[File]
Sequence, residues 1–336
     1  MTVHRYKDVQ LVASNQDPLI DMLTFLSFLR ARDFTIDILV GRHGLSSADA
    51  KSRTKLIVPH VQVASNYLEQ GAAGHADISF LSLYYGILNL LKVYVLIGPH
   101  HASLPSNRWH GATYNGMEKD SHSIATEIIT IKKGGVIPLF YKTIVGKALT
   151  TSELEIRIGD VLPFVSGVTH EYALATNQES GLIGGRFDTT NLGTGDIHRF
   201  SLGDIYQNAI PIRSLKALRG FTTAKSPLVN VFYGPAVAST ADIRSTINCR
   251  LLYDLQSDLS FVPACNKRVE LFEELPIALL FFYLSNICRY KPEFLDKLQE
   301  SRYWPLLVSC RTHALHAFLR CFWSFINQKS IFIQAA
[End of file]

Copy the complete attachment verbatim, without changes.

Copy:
Sequence, residues 1–336
     1  MTVHRYKDVQ LVASNQDPLI DMLTFLSFLR ARDFTIDILV GRHGLSSADA
    51  KSRTKLIVPH VQVASNYLEQ GAAGHADISF LSLYYGILNL LKVYVLIGPH
   101  HASLPSNRWH GATYNGMEKD SHSIATEIIT IKKGGVIPLF YKTIVGKALT
   151  TSELEIRIGD VLPFVSGVTH EYALATNQES GLIGGRFDTT NLGTGDIHRF
   201  SLGDIYQNAI PIRSLKALRG FTTAKSPLVN VFYGPAVAST ADIRSTINCR
   251  LLYDLQSDLS FVPACNKRVE LFEELPIALL FFYLSNICRY KPEFLDKLQE
   301  SRYWPLLVSC RTHALHAFLR CFWSFINQKS IFIQAA